Sculptural User Interface
Chris BurnettArtist Bio
Michael ReesArtist Bio
Chris Burnett and Michael Rees developed their software apparatus, Sculptural User Interface and created an installation using the program. SUI lets users enter a string of language (a poem, list, or paragraph) that generated sculptural diagrams. These diagrams were then realized in three dimensions using traditional materials to re-conceive virtual reality as a creative tool rather than as spectative environment, and to combine concepts of art and computing in a meaningful way. The SUI builds upon, and diverges from, conceptual art and sculpture in the age of electronic reproduction. There is no question that sculpture as discipline has extended into virtual space. Inevitably, online art confronts dilemmas of language-as-form and form-as-language at various levels. Using the SUI creates forms that can be interactively experienced and shared across networks. The pragmatic aspect of this project is the fluid interaction of information as form and form reinterpreting language.
Ottawa Hills, OH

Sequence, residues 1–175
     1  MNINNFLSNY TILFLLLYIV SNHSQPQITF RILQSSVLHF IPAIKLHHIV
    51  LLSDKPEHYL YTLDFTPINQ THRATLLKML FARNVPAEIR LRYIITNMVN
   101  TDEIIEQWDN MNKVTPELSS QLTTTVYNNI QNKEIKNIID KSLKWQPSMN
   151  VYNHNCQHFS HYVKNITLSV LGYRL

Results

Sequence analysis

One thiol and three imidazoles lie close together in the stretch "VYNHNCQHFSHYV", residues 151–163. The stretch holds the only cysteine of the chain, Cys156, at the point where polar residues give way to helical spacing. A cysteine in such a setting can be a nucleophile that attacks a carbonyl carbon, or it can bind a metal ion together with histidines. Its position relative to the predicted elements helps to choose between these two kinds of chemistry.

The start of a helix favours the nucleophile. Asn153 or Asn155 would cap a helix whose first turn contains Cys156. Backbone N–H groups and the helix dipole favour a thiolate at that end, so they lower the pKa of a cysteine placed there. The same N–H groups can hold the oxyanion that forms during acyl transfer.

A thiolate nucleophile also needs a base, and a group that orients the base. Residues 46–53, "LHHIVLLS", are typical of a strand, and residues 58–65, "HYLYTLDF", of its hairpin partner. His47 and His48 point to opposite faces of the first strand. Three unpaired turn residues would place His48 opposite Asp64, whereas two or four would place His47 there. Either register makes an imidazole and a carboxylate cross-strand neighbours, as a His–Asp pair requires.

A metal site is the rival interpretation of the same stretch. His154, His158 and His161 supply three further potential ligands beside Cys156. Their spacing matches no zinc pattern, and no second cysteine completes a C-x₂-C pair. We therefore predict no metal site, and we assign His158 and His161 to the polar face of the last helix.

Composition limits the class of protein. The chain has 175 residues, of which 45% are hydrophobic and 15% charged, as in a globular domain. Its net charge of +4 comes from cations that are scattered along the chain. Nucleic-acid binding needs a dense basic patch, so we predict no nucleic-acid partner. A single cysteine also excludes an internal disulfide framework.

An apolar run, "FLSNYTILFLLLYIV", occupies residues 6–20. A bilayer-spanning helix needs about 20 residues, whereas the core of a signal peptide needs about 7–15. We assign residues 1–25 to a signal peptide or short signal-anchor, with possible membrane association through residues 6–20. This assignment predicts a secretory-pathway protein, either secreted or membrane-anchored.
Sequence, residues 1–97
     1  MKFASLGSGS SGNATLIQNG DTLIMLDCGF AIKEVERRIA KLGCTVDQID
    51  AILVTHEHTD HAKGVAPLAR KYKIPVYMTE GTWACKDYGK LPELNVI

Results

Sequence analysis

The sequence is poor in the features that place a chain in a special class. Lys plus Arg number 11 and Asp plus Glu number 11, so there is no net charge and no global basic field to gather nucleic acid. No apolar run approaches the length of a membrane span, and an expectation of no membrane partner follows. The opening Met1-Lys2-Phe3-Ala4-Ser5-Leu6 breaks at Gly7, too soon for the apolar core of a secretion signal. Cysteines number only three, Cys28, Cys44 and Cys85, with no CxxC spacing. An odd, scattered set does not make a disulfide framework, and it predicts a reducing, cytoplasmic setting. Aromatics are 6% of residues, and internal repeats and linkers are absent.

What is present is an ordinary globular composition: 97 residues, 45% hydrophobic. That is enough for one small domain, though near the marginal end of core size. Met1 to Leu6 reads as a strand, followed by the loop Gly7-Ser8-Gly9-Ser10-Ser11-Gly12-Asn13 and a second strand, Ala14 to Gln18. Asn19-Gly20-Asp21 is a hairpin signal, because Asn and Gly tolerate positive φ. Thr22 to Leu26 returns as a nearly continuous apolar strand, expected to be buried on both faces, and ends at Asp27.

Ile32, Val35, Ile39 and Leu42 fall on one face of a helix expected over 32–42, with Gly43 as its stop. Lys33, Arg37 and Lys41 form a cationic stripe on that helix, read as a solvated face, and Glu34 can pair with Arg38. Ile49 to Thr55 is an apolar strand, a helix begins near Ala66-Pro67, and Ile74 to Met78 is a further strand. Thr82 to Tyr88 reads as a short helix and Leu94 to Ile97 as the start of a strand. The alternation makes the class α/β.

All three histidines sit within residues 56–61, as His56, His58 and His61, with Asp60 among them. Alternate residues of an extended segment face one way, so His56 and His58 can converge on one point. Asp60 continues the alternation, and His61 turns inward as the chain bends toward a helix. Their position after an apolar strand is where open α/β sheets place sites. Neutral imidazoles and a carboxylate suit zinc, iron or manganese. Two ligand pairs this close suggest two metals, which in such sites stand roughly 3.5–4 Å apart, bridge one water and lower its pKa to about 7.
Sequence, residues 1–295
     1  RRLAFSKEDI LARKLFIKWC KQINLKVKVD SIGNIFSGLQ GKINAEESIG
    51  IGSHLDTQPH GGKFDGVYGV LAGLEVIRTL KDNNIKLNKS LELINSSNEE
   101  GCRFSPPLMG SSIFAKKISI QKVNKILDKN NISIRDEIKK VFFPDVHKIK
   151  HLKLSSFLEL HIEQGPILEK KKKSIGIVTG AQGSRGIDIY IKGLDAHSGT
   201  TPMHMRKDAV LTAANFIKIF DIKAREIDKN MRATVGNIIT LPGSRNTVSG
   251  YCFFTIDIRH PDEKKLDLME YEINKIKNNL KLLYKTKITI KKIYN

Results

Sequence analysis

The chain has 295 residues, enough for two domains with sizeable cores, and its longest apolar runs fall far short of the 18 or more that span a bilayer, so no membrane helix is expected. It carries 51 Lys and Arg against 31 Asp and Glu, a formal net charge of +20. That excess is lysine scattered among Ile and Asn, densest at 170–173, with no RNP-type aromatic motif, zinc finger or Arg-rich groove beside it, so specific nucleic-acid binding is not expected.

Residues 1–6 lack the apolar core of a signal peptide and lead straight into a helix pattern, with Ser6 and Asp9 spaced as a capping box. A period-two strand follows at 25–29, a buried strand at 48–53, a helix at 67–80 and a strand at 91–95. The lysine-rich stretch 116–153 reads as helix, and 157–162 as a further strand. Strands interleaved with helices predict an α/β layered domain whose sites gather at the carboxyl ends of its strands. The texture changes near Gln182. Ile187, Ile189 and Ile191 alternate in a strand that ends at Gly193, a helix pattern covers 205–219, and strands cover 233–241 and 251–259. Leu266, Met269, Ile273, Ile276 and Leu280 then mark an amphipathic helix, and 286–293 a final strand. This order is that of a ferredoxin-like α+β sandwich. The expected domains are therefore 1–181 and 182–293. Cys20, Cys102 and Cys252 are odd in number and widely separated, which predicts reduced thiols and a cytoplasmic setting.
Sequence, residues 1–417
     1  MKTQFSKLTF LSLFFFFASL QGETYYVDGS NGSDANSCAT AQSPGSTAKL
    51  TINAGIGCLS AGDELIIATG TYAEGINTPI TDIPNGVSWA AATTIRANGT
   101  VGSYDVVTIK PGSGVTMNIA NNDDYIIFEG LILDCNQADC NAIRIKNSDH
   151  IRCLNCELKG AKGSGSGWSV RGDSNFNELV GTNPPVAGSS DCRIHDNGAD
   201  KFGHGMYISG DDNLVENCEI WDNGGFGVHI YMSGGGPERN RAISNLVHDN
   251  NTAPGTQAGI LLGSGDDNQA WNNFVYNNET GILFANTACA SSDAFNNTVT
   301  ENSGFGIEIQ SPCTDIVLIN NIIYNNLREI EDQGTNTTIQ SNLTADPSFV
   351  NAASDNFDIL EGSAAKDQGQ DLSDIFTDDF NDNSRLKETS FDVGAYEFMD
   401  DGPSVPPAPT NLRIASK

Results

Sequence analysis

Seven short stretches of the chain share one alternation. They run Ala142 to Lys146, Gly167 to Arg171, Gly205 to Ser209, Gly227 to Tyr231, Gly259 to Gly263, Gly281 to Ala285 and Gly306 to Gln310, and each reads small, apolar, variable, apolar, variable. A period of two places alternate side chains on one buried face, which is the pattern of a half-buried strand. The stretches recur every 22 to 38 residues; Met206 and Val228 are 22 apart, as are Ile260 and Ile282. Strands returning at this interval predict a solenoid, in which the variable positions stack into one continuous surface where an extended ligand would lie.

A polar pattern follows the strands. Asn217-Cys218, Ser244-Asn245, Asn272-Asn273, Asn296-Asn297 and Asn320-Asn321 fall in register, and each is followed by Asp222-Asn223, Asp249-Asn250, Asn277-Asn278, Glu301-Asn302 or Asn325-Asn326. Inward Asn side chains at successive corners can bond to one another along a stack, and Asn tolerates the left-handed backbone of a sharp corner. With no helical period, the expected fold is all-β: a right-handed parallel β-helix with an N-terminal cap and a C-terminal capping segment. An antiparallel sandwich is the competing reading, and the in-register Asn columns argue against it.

Chris Burnett has exhibited, taught, lectured, and published widely. His solo exhibitions have been presented at Iowa State University, The Space in Boston, and San Francisco’s Eye Gallery, as well as at galleries and universities in Europe. Burnett has taught at Harvard University, the University of New Mexico, and the Kansas City Art Institute, where he is currently Associate Professor in the New Media Department.
North Bergen, NJ
Michael Rees’s solo installations include Artificial Sculpture (developed with Chris Burnett using an earlier version of Sculptural User Interface) at the Forum for Contemporary Art in St. Louis, Digital Psyche at the Gorney Bravin & Lee Gallery in New York, and The Ecstatic Body at Grand Arts in Kansas City, Missouri. He has received grants from the National Endowment for the Arts, Oberlin College, and Yale University. He has published widely, often on digital technology and art, in the U.S. and Europe. His work was included in the BitStreams exhibition at the Whitney Museum of American Art.